Volumes are mixed are on the rails again, reports AAR
Carload volume—at 292,644—was down 4.1 percent, and intermodal volumes—at 250,253 trailers and containers—were up 0.7 percent.
in the NewsDiesel prices decline for 5th week in a row CBRE data shows decent, but changing trends for logistics & industrial real estate in the Americas U.S.-bound shipments impress in April, reports Panjiva U.S.-bound shipments shine in April, reports Panjiva Going Beyond Rate Negotiations for Logistics Cost Savings More News
Rail carload and intermodal volumes were mixed for the week ending September 22, according to data from the Association of American Railroads (AAR).
Carload volume—at 292,644—was down 4.1 percent annually and ahead of the week ending September 15 at 291,350 and the week ending September 8 at 272,301.
Eastern carloads were down 6.4 percent annually, and out west carloads were down 2.6 percent.
Intermodal volumes—at 250,253 trailers and containers—were up 0.7 percent and below the week ending September 15 at 251,720 and the week ending September 8 at 214,517
Of the 20 commodity groups tracked by the AAR, nine were up annually. Petroleum products were up 54 percent, and motor vehicles and equipment were up 13.2 percent. Metallic ores were down 33.3 percent.
Carloads for the first 38 weeks of 2012—at 10,747,162—were down 2.5 percent compared to the first 38 weeks of 2011, and intermodal was up 3.6 percent at 8,943,283 trailers and containers.
Estimated ton-miles for the week ending September 22 were down 3.1 percent at 34.1 billion, and were down 1.6 percent on a year-to-date basis at 1,232.6 billion.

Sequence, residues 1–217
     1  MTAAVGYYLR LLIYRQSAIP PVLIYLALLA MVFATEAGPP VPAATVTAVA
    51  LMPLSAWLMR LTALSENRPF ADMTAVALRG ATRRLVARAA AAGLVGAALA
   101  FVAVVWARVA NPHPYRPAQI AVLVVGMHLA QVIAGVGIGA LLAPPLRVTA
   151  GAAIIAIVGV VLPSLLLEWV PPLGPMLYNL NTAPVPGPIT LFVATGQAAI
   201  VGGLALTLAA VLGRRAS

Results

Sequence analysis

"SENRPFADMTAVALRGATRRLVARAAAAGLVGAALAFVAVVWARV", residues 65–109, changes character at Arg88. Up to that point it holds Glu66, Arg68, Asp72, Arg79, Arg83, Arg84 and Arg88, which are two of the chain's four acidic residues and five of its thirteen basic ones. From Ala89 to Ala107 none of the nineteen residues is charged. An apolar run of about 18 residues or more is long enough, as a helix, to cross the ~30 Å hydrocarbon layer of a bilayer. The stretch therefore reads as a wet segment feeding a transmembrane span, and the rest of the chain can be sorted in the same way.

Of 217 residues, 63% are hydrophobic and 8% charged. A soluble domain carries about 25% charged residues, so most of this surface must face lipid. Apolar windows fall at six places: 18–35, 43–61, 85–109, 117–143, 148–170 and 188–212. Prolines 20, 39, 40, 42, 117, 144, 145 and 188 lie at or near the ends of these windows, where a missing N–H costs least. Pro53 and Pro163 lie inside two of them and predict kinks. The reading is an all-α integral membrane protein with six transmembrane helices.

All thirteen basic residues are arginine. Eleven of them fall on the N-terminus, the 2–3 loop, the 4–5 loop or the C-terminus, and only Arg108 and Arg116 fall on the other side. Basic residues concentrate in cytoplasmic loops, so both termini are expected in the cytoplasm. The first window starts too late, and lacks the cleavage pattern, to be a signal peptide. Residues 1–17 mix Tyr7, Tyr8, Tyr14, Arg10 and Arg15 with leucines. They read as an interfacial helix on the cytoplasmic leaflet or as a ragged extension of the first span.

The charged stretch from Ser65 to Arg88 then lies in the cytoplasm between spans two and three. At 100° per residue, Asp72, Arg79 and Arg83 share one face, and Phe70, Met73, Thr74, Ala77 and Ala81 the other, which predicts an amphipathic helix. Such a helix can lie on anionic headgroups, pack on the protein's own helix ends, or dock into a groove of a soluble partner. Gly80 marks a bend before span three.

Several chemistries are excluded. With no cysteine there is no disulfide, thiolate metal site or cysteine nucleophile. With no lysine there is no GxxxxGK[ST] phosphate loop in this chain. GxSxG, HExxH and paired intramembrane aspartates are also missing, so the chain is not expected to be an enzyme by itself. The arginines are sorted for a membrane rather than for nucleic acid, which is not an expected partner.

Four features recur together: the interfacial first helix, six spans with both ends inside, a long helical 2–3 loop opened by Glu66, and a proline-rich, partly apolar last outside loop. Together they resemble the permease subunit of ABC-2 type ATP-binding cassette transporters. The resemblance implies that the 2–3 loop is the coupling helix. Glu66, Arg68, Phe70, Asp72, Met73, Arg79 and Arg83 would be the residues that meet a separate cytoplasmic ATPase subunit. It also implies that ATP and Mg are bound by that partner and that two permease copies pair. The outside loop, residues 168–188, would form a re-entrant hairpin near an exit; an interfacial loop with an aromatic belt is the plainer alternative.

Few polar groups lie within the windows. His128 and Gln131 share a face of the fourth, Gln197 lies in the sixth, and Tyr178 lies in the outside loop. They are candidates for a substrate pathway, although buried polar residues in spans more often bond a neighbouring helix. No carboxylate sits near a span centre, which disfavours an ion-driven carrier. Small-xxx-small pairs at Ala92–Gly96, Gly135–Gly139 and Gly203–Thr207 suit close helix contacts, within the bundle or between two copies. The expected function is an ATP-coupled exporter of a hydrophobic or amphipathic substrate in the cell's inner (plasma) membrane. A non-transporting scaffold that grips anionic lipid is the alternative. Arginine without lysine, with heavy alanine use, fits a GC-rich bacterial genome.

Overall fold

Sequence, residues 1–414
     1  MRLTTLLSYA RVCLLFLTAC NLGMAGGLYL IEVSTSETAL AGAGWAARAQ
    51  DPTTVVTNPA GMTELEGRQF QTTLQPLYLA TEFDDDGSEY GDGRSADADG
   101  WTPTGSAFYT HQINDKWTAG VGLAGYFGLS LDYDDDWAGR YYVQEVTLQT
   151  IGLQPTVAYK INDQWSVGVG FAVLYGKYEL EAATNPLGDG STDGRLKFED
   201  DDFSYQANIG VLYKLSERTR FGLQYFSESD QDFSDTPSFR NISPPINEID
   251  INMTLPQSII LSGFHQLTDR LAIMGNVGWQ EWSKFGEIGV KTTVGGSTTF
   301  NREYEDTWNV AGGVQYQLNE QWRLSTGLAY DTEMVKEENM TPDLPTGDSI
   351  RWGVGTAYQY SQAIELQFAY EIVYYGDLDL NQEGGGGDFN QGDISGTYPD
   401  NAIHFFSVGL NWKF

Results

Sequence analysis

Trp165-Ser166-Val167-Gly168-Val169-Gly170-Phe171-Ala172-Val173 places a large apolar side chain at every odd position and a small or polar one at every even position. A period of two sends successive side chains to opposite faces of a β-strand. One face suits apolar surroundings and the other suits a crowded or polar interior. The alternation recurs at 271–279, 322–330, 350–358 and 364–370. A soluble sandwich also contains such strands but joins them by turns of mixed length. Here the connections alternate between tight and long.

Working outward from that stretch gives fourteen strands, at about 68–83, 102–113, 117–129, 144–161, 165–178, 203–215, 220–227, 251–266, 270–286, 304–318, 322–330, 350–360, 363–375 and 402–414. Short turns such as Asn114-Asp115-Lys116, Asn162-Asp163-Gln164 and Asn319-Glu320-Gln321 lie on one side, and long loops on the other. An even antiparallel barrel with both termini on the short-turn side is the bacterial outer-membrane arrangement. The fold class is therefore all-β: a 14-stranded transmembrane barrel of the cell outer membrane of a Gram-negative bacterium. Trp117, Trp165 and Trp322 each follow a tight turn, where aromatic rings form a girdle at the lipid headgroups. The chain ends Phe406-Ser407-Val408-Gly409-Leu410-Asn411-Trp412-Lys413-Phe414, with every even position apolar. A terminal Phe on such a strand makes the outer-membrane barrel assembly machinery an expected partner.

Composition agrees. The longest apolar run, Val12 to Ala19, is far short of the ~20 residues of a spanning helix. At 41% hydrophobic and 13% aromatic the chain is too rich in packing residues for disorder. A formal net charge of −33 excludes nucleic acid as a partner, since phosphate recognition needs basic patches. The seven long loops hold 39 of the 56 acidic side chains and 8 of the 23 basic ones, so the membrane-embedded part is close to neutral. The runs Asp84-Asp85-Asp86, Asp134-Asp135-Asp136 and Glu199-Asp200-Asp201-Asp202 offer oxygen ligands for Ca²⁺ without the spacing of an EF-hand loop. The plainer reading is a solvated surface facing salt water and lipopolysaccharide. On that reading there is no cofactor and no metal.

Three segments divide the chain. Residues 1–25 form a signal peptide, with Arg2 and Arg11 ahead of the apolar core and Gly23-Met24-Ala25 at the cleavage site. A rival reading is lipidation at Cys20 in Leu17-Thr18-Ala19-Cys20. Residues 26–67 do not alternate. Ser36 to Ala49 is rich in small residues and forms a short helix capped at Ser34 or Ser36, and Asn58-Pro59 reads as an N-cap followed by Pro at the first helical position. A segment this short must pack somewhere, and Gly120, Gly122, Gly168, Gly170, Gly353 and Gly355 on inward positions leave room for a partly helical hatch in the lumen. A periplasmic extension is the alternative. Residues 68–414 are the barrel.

Subscribe to Logistics Management Magazine!Subscribe today. It's FREE!
Get timely insider information that you can use to better manage your entire logistics operation.
Start your FREE subscription today!
Transportation of freight in containers was first recorded around 1780 to move coal along England’s Bridgewater Canal. However, "modern" intermodal rail service by a major U.S. railroad only dates back to 1936. Malcom McLean’s Sea-Land Service significantly advanced intermodalism, showing how freight could be loaded into a “container” and moved by two or more modes economically and conveniently. As with all new technologies, there were problems that slowed the growth, which influenced many potential customers to shy away from moving intermodal.
Click here to download
Transportation Trends and Best Practices: The Battle for the Last Mile 2017 Technology Roundtable: Are we closer to “Intelligent” Logistics? View More From this Issue